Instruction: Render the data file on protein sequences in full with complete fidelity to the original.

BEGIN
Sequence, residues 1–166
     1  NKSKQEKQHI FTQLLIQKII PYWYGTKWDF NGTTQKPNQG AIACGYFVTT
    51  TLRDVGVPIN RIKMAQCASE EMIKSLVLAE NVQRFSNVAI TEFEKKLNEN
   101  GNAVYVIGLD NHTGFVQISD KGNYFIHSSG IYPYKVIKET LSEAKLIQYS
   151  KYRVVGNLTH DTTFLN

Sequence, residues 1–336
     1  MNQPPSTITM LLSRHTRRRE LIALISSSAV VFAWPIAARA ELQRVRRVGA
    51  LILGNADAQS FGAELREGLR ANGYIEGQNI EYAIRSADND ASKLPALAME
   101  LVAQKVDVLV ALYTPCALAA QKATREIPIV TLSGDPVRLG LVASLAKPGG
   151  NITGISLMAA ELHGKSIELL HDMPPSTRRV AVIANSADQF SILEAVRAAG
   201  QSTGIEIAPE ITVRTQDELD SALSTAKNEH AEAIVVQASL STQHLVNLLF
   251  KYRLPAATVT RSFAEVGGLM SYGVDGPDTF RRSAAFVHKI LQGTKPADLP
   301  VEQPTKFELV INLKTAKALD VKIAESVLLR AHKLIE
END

Sequence, residues 1–166
     1  NKSKQEKQHI FTQLLIQKII PYWYGTKWDF NGTTQKPNQG AIACGYFVTT
    51  TLRDVGVPIN RIKMAQCASE EMIKSLVLAE NVQRFSNVAI TEFEKKLNEN
   101  GNAVYVIGLD NHTGFVQISD KGNYFIHSSG IYPYKVIKET LSEAKLIQYS
   151  KYRVVGNLTH DTTFLN

Sequence, residues 1–336
     1  MNQPPSTITM LLSRHTRRRE LIALISSSAV VFAWPIAARA ELQRVRRVGA
    51  LILGNADAQS FGAELREGLR ANGYIEGQNI EYAIRSADND ASKLPALAME
   101  LVAQKVDVLV ALYTPCALAA QKATREIPIV TLSGDPVRLG LVASLAKPGG
   151  NITGISLMAA ELHGKSIELL HDMPPSTRRV AVIANSADQF SILEAVRAAG
   201  QSTGIEIAPE ITVRTQDELD SALSTAKNEH AEAIVVQASL STQHLVNLLF
   251  KYRLPAATVT RSFAEVGGLM SYGVDGPDTF RRSAAFVHKI LQGTKPADLP
   301  VEQPTKFELV INLKTAKALD VKIAESVLLR AHKLIE